Monday, 30 March 2015

We All Looked Up by Tommy Wallach

Description from Goodreads

Four high school seniors put their hopes, hearts, and humanity on the line as an asteroid hurtles toward Earth in this contemporary novel.

They always say that high school is the best time of your life.

Peter, the star basketball player at his school, is worried “they” might actually be right. Meanwhile Eliza can’t wait to escape Seattle—and her reputation—and perfect-on-paper Anita wonders if admission to Princeton is worth the price of abandoning her real dreams. Andy, for his part, doesn’t understand all the fuss about college and career—the future can wait.

Or can it? Because it turns out the future is hurtling through space with the potential to wipe out life on Earth. As these four seniors—along with the rest of the planet—wait to see what damage an asteroid will cause, they must abandon all thoughts of the future and decide how they’re going to spend what remains of the present.

If I'm being completely honest, I didn't start reading We All Looked Up with very high expectations despite the novel being one of the most anticipated YA novels in 2015. In fact, I don't read very often contemporary books, because I feel that they are often very predictable (or maybe I've just picked the wrong contemporary books??). However, the premise intrigued me so much, an asteroid heading towards the Earth which will change the lives of four teenagers forever, that I decided to give the genre the occasional chance that I give it from time to time, just to freshen up from all the fantasy and scifi that I usually consume. And I have to give that the debut author Tommy Wallach most definitely didn't disappoint me!

I get it now, why people have been so excited about We All Looked Up. There's something so refreshing about the novel which depicts the lives of Peter (the jog), Eliza (the artist), Anita (the nerd), and Andy (the slacker) and how those lives, which are complete opposite of each other, intertwine because of the horrifying news of the asteroid most likely wiping out 66.6% of the population with its collision. You might first think that the very stereotypical teenager characters might stay just like that, stereotypical, but Wallach is able to breath edge and vulnerability to every character. Even though I liked all the characters, I especially liked Anita and Andy. Their point of views touched me the most as I was able to identify with them the most. Anita struggling with her demanding parents while working her way to the Ivy League, and Andy trying to search a meaning to his life with little luck as he is so lost himself.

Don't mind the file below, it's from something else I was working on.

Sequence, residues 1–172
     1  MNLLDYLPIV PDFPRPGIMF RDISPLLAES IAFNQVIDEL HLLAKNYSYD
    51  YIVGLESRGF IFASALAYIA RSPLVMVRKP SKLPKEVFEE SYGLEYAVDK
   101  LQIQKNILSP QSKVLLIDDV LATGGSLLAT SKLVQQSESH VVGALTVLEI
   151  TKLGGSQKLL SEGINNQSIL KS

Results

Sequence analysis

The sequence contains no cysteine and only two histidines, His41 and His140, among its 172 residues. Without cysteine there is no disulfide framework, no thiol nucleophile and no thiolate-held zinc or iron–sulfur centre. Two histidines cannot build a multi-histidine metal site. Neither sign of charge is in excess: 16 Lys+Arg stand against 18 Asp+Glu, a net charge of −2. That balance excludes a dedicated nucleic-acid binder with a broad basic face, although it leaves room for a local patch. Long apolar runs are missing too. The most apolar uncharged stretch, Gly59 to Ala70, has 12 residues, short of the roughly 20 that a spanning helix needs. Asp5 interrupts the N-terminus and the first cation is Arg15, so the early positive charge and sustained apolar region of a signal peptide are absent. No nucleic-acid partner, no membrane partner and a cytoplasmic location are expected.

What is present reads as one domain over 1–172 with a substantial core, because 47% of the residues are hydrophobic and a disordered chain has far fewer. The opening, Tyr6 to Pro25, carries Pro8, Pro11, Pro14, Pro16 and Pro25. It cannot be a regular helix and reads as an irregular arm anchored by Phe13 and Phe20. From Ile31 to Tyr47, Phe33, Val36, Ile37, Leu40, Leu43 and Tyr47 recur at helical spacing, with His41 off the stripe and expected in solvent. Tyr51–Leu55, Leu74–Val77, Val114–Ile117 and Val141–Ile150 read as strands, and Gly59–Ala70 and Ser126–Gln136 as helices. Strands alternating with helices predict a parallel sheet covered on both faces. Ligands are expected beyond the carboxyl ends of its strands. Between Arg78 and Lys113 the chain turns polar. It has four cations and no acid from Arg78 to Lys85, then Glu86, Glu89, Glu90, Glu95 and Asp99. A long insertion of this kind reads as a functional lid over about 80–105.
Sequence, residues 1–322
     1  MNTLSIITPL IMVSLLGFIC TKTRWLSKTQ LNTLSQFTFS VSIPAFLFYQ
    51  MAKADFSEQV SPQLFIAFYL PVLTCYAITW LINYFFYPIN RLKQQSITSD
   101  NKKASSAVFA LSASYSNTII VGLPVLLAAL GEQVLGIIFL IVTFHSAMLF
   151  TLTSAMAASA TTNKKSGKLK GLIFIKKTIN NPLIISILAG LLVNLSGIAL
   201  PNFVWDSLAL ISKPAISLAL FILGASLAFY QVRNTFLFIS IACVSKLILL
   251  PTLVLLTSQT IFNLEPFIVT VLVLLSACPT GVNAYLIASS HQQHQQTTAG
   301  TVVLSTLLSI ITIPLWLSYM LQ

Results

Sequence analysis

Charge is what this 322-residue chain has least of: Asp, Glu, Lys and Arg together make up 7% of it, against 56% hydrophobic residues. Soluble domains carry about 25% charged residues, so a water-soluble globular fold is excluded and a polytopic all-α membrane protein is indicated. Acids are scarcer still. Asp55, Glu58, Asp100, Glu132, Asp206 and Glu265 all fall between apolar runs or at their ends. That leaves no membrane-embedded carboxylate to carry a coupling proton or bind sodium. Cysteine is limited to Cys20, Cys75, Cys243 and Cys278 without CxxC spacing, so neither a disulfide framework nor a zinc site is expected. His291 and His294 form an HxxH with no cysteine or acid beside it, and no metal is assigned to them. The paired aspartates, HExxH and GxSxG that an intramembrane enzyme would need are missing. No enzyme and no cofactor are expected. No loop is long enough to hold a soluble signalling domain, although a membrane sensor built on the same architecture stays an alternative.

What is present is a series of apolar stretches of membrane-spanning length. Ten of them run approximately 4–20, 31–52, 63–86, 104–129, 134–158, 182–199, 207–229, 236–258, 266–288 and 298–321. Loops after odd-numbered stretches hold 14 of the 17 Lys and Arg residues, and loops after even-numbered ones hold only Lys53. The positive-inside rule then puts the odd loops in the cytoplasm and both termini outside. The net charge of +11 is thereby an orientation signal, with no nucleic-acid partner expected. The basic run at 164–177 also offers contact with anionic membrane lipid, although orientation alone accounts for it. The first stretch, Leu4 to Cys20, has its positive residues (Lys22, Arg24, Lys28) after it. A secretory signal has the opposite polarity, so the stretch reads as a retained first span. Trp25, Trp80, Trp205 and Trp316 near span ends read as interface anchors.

I have to admit that I was expecting a little bit more about the consequences of how the news of the asteroid would affect the society. Sure, the author does describe some of the havoc in Seattle that takes place, but I really wanted to know what the global effect would be like - perhaps more of the economical and political consequences. Of course, the focus of this book was obviously on the relationships and not the societal impacts, but it would have been fun (if you can say that) to see Wallach explore a bigger picture what was happening in the world. That being said, I didn't exactly feel like I liked the book less because I didn't get what I first expected as the influence of the asteroid on Seattle was described. 

Wallach can be a funny guy. He writes very enjoyable prose, and I love how he uses brackets to amplify his jokes (I tend to do that too (see I'm doing it right now (okay, now it's going a bit overboard))). He writes the characters witty and smart, some being more of that and other less, but I'm not sure if there was even one chapter which didn't have something clever linguistic-wise. The 'jokes' weren't exactly laugh-out-loud haha funny, but sarcastic, ironic, or just defiant remarks that stay with you. And I really enjoy reading that kind of writing, particularly so when it seems so effortless like in the case of Tommy Wallach. 

We All Looked Up was a very good debut novel. And you know what, not just a good debut novel, a really enjoyable story. I'm really looking forward to Tommy Wallach's future books because I just fell in love with the way he writes; it's easy to read without getting the feeling that the lines are superficial. We All Looked Up was published March 24, 2015 by Simon and Schuster Books for Young Readers, so you can get yours now!

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